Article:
Challenge makes a good muse – the renovation of Kaikukatu 3 is an inspiring example of circular economy and its possibilities
A 1970s office building is being elevated to its deserving value through a renovation that embraces economic, ecological, and cultural sustainability.
Kaikukatu 3 is a property that many would have easily demolished. Even though the building is centrally located in the vibrant Kallio district in Helsinki, the 50-year-old building had lost its vitality and faded into the background. However, the brave owner, Areim, chose a different path: the office building was decided to be renovated into an attractive, adaptable, and modern workspace property.
Olla is responsible for the project’s principle, architectural, and interior design. In collaboration with sustainability-focused client and knowledgeable partners, Kaikukatu 3 is turning out to be an excellent example of the benefits of renovation and circular economy. The goal is to conserve materials as much as possible, and the existing palette also guides the careful selection of new materials. On the other hand, the difference between the new and the old is allowed to be distinguishable. The concept of Kaikukatu 3 draws inspiration from the Japanese philosophy of Kintsugi. In Kintsugi, the repair marks are not hidden but become a visible part of the object’s new character. Kintsugi makes repairing beautiful—a mentality that has successfully guided the Kaikukatu design team as well.
HVAC is a poor argument for demolition
Demolition decisions are often justified by outdated HVAC, with the claim that old buildings are too cramped for modern building technology requirements. However, the lifespan of HVAC systems is only a fraction of a building’s potential lifespan, which makes justifying demolition on technical grounds short-sighted. This weakness in reasoning is further emphasized by the fact that we cannot yet know what future building technology will look like.
In Kaikukatu 3, the building’s HVAC systems are strategically centralized in the middle of each floor. This approach allows for lower ceiling heights in spaces like quiet rooms and restrooms without causing any issues. At the same time, in the open office spaces, the ceiling height can be maintained as high as possible.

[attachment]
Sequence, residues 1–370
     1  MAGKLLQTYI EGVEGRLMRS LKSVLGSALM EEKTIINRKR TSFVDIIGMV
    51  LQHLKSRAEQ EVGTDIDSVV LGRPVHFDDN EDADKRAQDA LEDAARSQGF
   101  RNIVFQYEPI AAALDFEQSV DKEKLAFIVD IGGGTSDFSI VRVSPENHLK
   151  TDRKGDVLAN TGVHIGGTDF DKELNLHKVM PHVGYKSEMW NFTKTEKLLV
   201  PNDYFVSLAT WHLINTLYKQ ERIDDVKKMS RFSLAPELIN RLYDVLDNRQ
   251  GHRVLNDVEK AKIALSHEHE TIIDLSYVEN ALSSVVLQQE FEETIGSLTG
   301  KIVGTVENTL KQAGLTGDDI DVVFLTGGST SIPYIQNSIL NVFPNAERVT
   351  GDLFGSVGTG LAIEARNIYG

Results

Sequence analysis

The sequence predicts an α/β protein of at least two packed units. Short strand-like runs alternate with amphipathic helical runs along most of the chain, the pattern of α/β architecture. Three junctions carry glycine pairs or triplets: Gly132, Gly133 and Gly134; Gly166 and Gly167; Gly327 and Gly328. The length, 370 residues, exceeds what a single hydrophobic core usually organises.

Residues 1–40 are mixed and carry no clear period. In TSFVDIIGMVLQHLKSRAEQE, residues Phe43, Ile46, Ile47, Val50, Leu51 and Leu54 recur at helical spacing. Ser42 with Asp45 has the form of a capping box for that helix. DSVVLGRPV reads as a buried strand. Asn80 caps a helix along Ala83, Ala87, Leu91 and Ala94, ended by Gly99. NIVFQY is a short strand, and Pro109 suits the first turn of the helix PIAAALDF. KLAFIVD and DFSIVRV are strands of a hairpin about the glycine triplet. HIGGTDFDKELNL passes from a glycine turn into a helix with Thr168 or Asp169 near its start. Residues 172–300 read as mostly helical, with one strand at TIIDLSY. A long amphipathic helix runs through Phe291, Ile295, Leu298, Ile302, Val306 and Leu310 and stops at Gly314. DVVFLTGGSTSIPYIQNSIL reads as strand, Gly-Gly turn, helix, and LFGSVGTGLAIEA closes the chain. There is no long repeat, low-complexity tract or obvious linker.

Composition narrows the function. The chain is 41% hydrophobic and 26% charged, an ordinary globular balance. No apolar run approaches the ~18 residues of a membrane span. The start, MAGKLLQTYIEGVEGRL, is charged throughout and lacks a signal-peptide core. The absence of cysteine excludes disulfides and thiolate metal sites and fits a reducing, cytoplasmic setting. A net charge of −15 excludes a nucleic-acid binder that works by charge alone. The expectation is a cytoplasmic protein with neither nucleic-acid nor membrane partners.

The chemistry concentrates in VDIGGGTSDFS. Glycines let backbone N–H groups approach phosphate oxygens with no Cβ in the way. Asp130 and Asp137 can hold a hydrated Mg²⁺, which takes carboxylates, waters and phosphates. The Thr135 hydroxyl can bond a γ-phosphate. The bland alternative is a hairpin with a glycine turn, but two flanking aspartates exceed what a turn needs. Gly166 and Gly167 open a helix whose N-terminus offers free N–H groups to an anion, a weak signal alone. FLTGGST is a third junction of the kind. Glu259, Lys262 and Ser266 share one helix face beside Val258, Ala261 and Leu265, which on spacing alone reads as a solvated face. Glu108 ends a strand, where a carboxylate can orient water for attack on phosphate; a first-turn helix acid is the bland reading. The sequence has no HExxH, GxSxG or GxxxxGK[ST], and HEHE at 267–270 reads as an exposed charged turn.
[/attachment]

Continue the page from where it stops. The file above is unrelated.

600 windows repurposed as glass walls
During building inspections, it was found that the building’s nearly 600 windows needed replacement. However, these windows had a valuable resource – reusable glass panes. Therefore, the decision was made to repurpose these windows into glass partitions.
The design process for the partitions required careful planning. The challenge was to stick to the existing glass pane sizes while fitting them into the building’s dimensions. Birch plywood frames were designed to allow for height adjustments to match various room heights. With the help of a skillful partner, prototypes of the glass partitions were created, and a test room was set up to assess their sound properties and how well they fit into the space.
The original windows will be replaced with new ones that will be installed in the existing openings. This solution not only saves radiators and electrical conduits but also avoids unnecessary demolition work.
The windows also inspired experimentation with other materials. The building had many aluminum slat ceilings that had become discolored over time. The same partner involved in the glass dividers conducted tests to restore these slats to a nearly new condition.
No change just for the sake of change
The design philosophy of Kaikukatu 3 is to achieve impactful results with minimal alterations. As a result, the building’s facade remains largely unchanged. Only the ground floors of the building are opened up to introduce vibrancy and spaciousness into this monumental structure. For the same reason, emphasis is placed on entrances, making the building significantly more inviting with relatively modest adjustments. This also contributes to making the previously dimly lit street area safer.
Want to learn more? Read what Laura Vara, the architect of the project, has to say on circular economy and Kaikukatu 3 on her column in Rakennuslehti (in Finnish).